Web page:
Why I’m Grateful I Grew Up in a Shitty Small Town

I was raised in a small town of a little over 200 people called Piedmont, South Dakota. I had to commute to the town of Sturgis (under 7,000 people) for high school where I had a class of 150 kids. I know this isn’t the smallest town anyone has ever been from, but still anytime I bring it up I’m sure I get the same responses. “Where is that? What did you even do? That sounds shitty”. I have always defended growing up in a small town because it is like having an embarrassing sibling, only you can make fun of them. However, today, I am going to stop trying to defend small towns and really list why I am proud to have grown up in a “shitty” small town.

Lacked Educational Opportunities

My high school was small, and the education was great, but we lacked opportunities that other students were exposed to. I have met students that have taken classes in fields of early engineering, business, and accounting all before coming to college. Some of my peers arrived to the University of Montana with 30+ credits already to their name. This simply wasn’t possible at my high school.

  • I cannot say I am glad that I didn’t have those opportunities, but in a way it made me apply myself more. I knew I was going to be applying to colleges against kids that had more opportunity, and that made me realize in order to do well you have to be intelligent. Growing up in a school system of that size teaches you how to work, and work hard enough to put yourself into the position that you want to be in. It taught me how to embrace an uphill battle, and I will always be proud of that.

“What are we gunna do?”

My town was extremely boring and nothing ever happened. Those words could have literally been 60% of all the words me and my friends have ever said to each other. Constantly we were waiting for something to happen. Always it was, “what movie is out this week? or who’s house are we going to?” Because there was never anything going on. It was mind numbing boredom at its best.

  • I am the most grateful for this, and I know that sounds crazy, but it taught me the most valuable of lessons. How to be patient. How to be able to wait for the things in life that you want, and also how to be happy with what you have. Also, because there is nothing ever going on, I came to understand that you have to seize every single opportunity that you have. Living in a small town will give you that perspective.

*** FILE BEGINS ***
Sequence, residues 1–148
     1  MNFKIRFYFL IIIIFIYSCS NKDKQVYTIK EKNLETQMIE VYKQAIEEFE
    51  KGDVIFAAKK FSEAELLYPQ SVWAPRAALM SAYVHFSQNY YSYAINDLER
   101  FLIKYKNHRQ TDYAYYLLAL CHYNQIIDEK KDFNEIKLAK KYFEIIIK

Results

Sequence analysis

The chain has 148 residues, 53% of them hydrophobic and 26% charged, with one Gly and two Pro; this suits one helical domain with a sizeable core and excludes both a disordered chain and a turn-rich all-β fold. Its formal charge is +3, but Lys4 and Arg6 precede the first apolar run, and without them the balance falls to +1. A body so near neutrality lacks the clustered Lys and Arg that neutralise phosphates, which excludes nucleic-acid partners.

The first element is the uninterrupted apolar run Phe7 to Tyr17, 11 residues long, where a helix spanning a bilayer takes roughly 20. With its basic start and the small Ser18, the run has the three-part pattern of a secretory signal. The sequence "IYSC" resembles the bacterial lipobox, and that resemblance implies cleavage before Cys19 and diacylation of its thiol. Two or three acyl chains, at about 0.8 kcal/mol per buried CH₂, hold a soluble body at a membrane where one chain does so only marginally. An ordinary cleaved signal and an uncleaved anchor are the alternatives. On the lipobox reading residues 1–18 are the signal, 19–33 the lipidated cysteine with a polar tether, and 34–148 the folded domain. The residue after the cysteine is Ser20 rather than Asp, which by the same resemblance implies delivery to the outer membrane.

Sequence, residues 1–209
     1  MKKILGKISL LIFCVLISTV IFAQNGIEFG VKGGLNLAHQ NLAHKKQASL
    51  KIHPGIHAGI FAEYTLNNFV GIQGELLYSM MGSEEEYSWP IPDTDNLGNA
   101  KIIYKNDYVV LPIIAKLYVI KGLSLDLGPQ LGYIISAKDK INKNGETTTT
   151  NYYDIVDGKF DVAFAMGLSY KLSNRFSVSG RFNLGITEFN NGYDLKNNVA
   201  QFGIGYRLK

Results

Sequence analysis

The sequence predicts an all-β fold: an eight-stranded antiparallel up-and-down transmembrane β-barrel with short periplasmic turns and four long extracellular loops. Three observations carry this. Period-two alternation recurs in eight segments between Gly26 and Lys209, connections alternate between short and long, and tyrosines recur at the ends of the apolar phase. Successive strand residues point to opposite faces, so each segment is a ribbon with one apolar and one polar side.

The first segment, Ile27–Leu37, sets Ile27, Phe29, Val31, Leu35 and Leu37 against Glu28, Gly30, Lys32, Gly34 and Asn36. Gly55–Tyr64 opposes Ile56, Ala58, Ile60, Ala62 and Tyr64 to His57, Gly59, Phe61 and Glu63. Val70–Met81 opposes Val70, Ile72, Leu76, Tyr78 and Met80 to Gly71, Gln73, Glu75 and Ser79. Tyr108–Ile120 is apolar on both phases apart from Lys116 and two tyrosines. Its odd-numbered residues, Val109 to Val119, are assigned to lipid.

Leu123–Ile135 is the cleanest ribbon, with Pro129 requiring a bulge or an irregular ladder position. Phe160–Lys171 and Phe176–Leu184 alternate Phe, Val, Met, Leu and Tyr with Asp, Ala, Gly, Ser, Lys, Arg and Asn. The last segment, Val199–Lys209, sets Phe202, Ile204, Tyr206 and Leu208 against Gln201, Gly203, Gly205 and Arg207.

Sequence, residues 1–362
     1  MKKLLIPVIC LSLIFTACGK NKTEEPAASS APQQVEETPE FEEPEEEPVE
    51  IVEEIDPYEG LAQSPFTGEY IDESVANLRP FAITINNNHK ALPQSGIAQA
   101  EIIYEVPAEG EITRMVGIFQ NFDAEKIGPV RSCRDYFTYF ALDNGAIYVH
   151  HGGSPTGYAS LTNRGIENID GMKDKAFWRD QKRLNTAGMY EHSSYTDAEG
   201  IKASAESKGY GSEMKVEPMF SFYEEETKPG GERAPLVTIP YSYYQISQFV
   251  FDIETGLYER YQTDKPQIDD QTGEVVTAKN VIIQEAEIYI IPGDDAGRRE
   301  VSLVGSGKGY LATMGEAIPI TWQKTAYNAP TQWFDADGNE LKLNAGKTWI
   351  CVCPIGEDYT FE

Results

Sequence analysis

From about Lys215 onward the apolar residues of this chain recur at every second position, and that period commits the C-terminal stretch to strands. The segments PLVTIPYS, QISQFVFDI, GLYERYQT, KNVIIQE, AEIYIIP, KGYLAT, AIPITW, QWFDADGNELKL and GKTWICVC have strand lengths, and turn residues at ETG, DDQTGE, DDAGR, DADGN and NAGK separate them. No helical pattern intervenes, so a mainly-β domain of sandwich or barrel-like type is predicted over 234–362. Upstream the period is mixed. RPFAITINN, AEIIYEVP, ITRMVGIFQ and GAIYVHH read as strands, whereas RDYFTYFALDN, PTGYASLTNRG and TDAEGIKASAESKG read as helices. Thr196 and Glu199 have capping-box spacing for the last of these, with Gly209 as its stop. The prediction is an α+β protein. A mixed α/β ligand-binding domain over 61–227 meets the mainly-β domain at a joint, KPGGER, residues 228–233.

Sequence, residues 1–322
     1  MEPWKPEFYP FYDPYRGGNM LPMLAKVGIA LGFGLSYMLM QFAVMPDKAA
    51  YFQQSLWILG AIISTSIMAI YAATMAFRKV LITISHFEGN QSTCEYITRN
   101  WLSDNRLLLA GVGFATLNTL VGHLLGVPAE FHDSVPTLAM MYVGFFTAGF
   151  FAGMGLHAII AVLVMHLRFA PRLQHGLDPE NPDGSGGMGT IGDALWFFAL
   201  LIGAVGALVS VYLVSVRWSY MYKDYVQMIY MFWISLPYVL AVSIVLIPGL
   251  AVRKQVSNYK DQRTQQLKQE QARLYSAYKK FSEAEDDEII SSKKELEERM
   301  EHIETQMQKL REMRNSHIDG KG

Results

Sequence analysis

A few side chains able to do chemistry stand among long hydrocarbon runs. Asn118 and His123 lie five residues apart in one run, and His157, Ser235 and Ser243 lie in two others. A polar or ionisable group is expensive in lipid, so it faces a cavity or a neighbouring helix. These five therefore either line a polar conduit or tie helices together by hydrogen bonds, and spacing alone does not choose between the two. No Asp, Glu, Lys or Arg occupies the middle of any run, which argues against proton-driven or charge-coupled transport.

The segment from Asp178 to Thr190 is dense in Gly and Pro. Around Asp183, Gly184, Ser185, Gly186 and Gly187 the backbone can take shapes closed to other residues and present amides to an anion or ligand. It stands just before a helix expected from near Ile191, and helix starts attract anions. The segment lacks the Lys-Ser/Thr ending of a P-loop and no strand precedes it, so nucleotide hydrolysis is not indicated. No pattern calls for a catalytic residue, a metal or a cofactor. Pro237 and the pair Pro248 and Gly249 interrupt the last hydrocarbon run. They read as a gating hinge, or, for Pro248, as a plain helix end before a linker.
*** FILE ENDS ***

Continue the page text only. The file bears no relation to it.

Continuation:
Living for the Weekend

Like almost every other small town in Midwestern America, the kids would drink on the weekends. There were very little opportunities for everyone to get together other than at a party. I knew numerous people that got tickets for underage drinking, on several occasions. I knew kids in high schools with DUI’s, and kids that probably didn’t know it, but had drinking problems. It has caused a lot of damage, from lost scholarships to lost lives.

  • This one may be a “silver lining in the cloud”, but again I am glad to have grown up in that. All because it allows you to see how “cool” it actually is to be the drunkest person at a party, and how the consequences of drinking can be much more severe than a hangover. I continually meet people who haven’t learned these lessons, and it is sad when they do because it is a lesson usually experienced and not witnessed.

Very Few People Have Made It

Whatever it is you want to do, if you are from a small town, chances are there are not going to be many connections readily available to you. For that reason many people go into what is a “safe and secure” job, or whatever industry is common around them. Doing what you want isn’t realistic because rarely do you know of someone who has “made it” in the industry you dream of. Unless, of course, they moved to a city where there are more connections. More people equals more opportunity. Small towns do not have those opportunities.

  • This taught me that in order to do what you truly want, you have to step outside of your comfort zone and just go for it. If things aren’t happening around you, make them happen or leave. In order to achieve the things you desire in life you have do things that make you nervous or even afraid sometimes. I am thankful for growing up in Piedmont, because I came to understand that if I didn’t leave there would be no point in pursuing my goals. Since first leaving, I have gone to a number of different places in pursuit of my dreams and it wouldn’t have been possible without leaving home for the first time.